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#1 of 107 Old 11-02-2005, 10:22 AM - Thread Starter
 
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Please excuse my ignorance, I'm waiting for "No Cry Sleep Solution" from my library - can't wait any longer - thought I would ask for some advice! We used CIO with DD at the suggestion of her ped - I didn't know any better at the time. We don't want to CIO with DS (6 mos old), but I don't know what to do instead!

DS is going down at night after nursing between 7 and 8 pm. He wakes at 11pm, 2am, 4am and 5:30am (for good). I noticed he really wasn't eating much at any of the awakenings, just using it as a tool to go back to bed. We decided to have DH go in to soothe DS with the exception of the 2am feeding (so 11pm and 4am). For the first few nights, it was going great, DH would pat DS's butt a couple times, and he would go right back to sleep. But lately, he has been fighting going back to sleep, and DH is in there 20+ minutes and I usually have to go in too to comfort DD who shares the bedroom and has awakened from DS's crying. I don't think DS knows how to fall asleep on his own - how do we teach him without CIO?!?! Everyone is exhausted here from not sleeping anymore than 2 hours at a time. My patience is shot, DD is cranky all day, DS wants to nap constantly during the day, and I'm afraid DH is going to fall asleep at the wheel during his 80 mile commute. What do we do? I know that CIO is hurtful for all involved, but at least in 3 nights time, everyone was getting some sleep...
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#2 of 107 Old 11-02-2005, 10:31 AM
 
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He's way too young to fall asleep - or back to sleep - on his own. For that matter, he's too young to determine that he isn't getting necessary nourishment from the night feedings.

My only advice is to look at your expectations. They seem way out of line with how babies actually sleep.

I'm short on time now, but many Mamas here will be able to paint a realistic picture of natural nighttime parenting... Lurk alot.

GL
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#3 of 107 Old 11-02-2005, 10:47 AM
 
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I agree with the pp. Is your intention to have ds sleep through the night? Or to have him only awaken once to nurse? It seems that by trying to get him to go back to sleep without nursing is causing more of a disruption in everyone's sleep than if you just nursed him.

I don't know anything about NCSS, so I can't help you out there. Have you considered co-sleeping with your 6 month old? I have a 9 month old and him waking up 4 times a night is no big deal when I barely wake up to get him latched on. I think we both fall right back to sleep within minutes. Dh doesn't wake up most of the time.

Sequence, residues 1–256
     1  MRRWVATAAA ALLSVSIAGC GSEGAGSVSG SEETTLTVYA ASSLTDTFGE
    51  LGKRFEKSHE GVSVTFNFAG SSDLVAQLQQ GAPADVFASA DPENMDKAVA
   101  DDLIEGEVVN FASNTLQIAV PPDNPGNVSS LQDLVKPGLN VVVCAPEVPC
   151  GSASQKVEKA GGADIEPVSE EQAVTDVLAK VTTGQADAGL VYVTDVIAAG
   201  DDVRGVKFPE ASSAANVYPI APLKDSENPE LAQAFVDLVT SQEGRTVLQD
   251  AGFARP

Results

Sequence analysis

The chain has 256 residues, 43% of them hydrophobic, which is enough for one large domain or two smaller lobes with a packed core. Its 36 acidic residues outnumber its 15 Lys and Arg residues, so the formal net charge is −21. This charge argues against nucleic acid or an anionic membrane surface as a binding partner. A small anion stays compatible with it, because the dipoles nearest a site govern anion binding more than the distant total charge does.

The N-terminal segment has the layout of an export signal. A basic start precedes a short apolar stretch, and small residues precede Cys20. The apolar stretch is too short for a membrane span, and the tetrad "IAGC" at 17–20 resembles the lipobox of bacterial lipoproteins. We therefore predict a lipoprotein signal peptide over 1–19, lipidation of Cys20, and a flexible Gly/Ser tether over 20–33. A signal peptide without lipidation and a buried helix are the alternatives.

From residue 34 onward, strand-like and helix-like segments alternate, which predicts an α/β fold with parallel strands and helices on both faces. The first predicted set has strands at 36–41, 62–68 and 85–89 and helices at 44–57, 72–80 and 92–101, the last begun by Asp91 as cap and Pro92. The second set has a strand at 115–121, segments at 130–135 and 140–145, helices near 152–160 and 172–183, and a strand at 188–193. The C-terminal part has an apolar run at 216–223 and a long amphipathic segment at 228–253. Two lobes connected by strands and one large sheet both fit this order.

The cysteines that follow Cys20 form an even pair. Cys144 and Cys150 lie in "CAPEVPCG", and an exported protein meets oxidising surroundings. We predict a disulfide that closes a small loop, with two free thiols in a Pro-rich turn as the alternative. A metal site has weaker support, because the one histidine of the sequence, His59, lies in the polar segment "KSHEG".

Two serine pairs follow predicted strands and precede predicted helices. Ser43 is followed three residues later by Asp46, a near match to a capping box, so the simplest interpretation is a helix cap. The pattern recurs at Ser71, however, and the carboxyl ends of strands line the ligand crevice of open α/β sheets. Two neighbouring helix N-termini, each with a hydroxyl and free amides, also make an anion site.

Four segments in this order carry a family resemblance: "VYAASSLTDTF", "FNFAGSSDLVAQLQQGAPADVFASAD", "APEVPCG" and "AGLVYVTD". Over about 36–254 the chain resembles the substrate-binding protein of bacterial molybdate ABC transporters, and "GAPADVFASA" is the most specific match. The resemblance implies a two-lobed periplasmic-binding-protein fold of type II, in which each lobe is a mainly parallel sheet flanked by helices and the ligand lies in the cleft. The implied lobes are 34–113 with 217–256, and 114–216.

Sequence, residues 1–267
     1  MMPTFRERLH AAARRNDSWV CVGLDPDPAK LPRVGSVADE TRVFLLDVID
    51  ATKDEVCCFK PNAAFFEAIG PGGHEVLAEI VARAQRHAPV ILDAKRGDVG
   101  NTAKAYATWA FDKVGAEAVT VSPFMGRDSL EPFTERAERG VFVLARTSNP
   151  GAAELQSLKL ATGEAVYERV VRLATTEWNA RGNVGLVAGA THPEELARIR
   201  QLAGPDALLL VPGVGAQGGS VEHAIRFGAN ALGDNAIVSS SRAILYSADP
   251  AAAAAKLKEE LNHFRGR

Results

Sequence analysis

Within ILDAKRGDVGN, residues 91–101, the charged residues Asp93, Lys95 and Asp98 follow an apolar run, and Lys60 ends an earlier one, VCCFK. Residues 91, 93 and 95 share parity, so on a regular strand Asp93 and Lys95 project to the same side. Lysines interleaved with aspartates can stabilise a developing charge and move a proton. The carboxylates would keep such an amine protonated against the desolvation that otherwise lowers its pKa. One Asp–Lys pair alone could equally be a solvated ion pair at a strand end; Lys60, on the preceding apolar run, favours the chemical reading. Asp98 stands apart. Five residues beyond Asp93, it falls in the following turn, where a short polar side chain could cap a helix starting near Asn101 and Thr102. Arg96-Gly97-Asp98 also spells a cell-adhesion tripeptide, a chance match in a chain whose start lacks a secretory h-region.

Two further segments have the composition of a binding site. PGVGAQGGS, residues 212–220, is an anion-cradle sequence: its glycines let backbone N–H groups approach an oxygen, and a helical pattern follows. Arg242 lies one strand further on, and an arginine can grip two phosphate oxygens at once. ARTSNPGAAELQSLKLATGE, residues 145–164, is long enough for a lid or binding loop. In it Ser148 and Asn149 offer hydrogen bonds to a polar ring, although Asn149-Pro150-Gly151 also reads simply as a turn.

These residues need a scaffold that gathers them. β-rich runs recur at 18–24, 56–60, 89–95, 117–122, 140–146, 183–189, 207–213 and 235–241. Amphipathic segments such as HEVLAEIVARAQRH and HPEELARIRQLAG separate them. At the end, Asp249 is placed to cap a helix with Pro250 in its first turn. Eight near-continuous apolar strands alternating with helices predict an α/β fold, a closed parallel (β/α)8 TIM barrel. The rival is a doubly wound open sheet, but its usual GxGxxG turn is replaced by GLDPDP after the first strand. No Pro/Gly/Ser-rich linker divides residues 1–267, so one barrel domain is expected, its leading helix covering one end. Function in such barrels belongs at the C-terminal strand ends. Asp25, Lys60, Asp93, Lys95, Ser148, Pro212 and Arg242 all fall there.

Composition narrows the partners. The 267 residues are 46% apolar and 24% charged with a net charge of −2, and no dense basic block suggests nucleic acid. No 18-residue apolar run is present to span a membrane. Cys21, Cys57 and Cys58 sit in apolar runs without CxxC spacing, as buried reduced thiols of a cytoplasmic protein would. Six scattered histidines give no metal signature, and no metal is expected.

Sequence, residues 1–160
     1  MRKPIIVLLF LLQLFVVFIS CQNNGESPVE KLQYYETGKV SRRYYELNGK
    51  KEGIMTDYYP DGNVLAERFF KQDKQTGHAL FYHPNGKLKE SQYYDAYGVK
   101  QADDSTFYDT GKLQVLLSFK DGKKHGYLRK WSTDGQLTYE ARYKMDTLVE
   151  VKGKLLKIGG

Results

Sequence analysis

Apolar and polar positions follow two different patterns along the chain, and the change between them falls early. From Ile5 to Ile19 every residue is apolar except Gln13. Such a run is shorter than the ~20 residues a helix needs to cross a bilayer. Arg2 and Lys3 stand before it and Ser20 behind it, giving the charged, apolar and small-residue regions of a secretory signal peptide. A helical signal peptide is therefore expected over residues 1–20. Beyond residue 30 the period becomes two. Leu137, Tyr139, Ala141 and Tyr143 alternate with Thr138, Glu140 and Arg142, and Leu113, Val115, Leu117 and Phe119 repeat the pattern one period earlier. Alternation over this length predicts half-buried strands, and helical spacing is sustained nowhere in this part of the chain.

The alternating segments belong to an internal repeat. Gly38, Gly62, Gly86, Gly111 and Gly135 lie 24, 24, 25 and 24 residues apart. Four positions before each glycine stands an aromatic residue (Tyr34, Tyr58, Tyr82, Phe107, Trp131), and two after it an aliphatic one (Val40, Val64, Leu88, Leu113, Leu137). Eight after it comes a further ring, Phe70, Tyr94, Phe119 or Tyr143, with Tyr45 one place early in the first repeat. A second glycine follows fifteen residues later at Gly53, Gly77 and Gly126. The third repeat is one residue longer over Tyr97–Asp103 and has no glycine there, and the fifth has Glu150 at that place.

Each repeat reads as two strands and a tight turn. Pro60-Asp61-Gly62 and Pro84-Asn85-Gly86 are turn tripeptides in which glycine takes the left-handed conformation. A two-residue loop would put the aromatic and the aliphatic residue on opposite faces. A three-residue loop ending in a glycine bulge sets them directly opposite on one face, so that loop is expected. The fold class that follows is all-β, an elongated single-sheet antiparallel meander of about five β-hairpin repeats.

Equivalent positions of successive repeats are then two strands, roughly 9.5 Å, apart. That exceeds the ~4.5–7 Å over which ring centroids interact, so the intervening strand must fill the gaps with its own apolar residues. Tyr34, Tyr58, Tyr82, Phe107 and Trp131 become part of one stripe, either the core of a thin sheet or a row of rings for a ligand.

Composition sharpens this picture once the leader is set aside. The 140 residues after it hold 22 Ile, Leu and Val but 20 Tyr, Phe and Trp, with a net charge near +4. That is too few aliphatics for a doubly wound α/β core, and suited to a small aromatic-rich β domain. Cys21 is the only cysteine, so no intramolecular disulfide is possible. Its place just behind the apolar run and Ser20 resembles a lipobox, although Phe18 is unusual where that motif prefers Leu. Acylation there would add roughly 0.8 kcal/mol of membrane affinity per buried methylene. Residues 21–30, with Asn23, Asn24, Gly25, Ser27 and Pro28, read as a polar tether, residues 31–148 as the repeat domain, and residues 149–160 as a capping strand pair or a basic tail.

I know it's tough to be tired all day yourself and to also have 2 tired children. Good luck! I hope another mama can give you more advice.
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#4 of 107 Old 11-02-2005, 10:58 AM - Thread Starter
 
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We co-slept until DS was 4.5 mos old. DH slept on the living room floor because we have a small bed and he is a big guy. I would have continued to co-sleep if it truly were a "family" bed, but with DH out in another room, it wasn't. I don't expect DS to sleep through the night, but at 6 mos old, I figured he could go longer than 1.5 to 2 hours without eating. Like I said, he wasn't eating, he was latching on and sucking till he was asleep. There was no audible swallowing, and the pattern of sucking was a lot different from when he was actually eating (suck suck suck, stop for 30 seconds, suck suck suck, stop for 30 seconds and so on until he was in a deep sleep). Now when I nurse him at 2am only, he is actually nursing well.
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#5 of 107 Old 11-02-2005, 11:04 AM
 
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Quote:
Originally Posted by addiesmom
wasn't eating, he was latching on and sucking till he was asleep. There was no audible swallowing, and the pattern of sucking was a lot different from when he was actually eating (suck suck suck, stop for 30 seconds, suck suck suck, stop for 30 seconds and so on until he was in a deep sleep).
.
This is what babies naturally and normally do when they are able.

It's why the AAP recommends using a pacifer at night in the crib to prevent SIDS.

Babies are not supposed to sleep deeply for hours.

I know some perfectly normal children naturally do-- even those in a family bed. But it's not usual, nor is it recommended.

Your baby is completely brilliant- it's societal expectations that need work.
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#6 of 107 Old 11-02-2005, 11:11 AM
 
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Have you thought about putting the crib in a side-car position next to your bed? It's what worked for us. I just put the crib up next to our bed and removed the side rail. I rolled up some towels lengthwise and stuffed them in the crack between the mattress and the outside rail so it would push the mattress up flush with our bed. That way we could co-sleep but we all had enough room and I never had to fully wake up to nurse and we all get a good night sleep. Don't know if that would work for you.
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#7 of 107 Old 11-02-2005, 11:19 AM
 
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At six months, I don't think I'd stress out too much about a baby learning to fall asleep on his/her own. I understand how you feel, because I've been there. By the time dd was six months, I was so sleep deprived and obsessed with sleep it was insane! I read tons of books (including NCSS...I'll chat about that in a minute) and basically drove myself crazy. At that point, I started rethinking my goals. Instead of my goal being to get dd to do xyz at night, I made my goal that we all got sleep. I need sleep to function, as does my dh and my dd. I stopped worrying about nursing to sleep and got more flexible about where we were sleeping.